High-level people often come with high-level problems. And your staff may have more potential than you realize.
Even with significant growth, it took us nine years to hire our first senior-level person, and that turned out to be a disaster. In our tenth year, we hired our second senior-level person. So far, so good.
But in general, we’ve made a habit of developing our employees, all of whom start at $9 to $11 an hour working in our warehouse. The alternative is to hire people at $20 to $25 that already have the experience we need, but also come with bad habits and hangups.
We do this partly because we couldn’t afford it any other way, and partly because it’s so rewarding to watch a person’s skill set change over the years. We've ended up with some pretty darned loyal and dynamic employees that are doing excellent jobs at things we could never, ever have expected.
When Monika interviewed with us two years ago, she was convinced that she would be the best customer service person we’d ever had. After all, she had been working customer service phone lines at a large company for years, and was an amazing knitter (ours is a yarn shop). It was the perfect combo!
Unfortunately, neither of us had realized that working the phone lines in a cubicle at a large company would be so very, very different from answering the phone in a fast-growing, unstructured, chaotic environment like ours. The only instructions we gave her were, “Answer the phone, be nice to people, and just remember that we are always wrong and the customer is always right.”
After six months, Monika waved the white flag. She was miserable. But we didn’t want to lose her. She was a hard worker, reliable, smart, and dedicated. Plus, we really liked her. We shifted things around a bit and created a new position for her: receiving shipments and shipping out backorders.
A few months later, Doug and I decided that we wanted to sell fabric as well as yarn. We invested in some fabric inventory and Doug updated the web site, but otherwise we had no specific plans for how we’d handle this new type of business. Monika jumped in and agreed to build the business within a business. A year later, she had done an amazing job. She had created structure and process, but the fabric business was picking up and we realized that we needed our “fabric lead” to also handle customer service fabric questions. Uh oh. Now what?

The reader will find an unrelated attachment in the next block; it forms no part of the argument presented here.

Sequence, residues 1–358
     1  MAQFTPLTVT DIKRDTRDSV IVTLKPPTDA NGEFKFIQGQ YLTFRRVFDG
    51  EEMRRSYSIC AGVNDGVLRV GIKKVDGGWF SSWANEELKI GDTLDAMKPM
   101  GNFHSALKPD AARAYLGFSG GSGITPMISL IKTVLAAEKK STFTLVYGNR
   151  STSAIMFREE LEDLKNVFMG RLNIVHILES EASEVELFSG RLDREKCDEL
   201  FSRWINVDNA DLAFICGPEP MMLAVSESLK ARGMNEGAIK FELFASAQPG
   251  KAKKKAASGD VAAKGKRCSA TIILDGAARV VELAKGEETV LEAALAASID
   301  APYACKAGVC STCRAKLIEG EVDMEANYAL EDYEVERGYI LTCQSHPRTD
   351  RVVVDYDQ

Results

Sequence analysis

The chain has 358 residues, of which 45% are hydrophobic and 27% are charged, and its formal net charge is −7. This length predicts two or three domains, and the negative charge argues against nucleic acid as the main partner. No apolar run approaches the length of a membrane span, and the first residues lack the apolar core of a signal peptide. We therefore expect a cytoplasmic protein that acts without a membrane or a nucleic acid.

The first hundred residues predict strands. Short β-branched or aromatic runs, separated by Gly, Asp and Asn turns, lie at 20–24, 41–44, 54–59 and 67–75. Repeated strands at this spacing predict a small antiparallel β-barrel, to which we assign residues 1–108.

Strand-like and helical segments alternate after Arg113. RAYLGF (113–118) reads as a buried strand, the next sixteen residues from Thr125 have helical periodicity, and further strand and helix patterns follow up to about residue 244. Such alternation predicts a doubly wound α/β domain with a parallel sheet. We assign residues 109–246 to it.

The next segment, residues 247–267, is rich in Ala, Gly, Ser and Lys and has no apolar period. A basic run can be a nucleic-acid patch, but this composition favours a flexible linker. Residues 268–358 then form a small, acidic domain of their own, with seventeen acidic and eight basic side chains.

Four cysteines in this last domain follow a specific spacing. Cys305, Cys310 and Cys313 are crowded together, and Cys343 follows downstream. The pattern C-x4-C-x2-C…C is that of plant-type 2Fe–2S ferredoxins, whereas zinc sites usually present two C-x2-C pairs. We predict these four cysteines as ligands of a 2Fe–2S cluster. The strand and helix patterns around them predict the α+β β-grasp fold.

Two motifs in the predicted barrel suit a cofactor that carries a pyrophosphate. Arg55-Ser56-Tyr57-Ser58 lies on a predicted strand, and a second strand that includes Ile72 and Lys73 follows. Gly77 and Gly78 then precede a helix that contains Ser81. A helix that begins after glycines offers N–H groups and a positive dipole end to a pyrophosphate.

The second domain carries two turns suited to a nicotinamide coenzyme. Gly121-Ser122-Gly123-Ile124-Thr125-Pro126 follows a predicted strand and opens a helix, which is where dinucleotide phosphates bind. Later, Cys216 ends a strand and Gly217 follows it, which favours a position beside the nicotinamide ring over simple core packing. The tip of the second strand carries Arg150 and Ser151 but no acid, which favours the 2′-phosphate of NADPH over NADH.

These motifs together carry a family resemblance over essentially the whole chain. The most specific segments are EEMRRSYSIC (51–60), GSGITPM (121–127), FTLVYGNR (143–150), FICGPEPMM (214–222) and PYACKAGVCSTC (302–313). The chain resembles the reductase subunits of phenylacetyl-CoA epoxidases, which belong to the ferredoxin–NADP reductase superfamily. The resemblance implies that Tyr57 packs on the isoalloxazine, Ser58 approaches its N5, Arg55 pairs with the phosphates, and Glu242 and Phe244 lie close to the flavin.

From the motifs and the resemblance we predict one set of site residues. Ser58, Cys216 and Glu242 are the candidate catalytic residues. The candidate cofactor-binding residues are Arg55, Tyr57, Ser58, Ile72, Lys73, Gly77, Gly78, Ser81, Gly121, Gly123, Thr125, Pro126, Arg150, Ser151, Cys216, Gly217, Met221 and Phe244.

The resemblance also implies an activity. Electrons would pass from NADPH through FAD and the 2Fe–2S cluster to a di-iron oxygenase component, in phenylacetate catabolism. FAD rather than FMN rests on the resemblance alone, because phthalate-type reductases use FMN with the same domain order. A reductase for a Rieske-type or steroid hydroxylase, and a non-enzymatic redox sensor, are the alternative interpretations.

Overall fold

Around the same time, Doug hired our first senior level programmer to help him. That’s the disaster I referred to above. So he switched gears, and decided to hire a few interns that he could train to do things his way. (Doug was a successful software architect in San Francisco, so his way is often the best way. Just don’t tell him I said that!) We hired one candidate from the local university and then asked each of our 40 employees if they had any desire to be a computer programmer. Guess who said yes? Monika, for one.
Now we have a stronger and happier development team than we could ever have imagined. The ironic part is that the intern that we hired from the university is gone. Monika’s happiness, on the other hand, is palpable. She claims that she’ll work for us for the rest of her life.
I guess this is why people create gardens. Growing your own vegetables must be so much more rewarding than buying them. I feel the same way about employees.
LAURA ZANDER is co-founder and co-owner of Jimmy Beans Wool, a market leading yarn and fabric retailer that’s earned a spot on the Inc. 5000 for the last four years in a row (and counting). She and her husband, Doug, were both dot-com software engineers in Silicon Valley before moving to the Lake Tahoe area and opening their shop in 2002.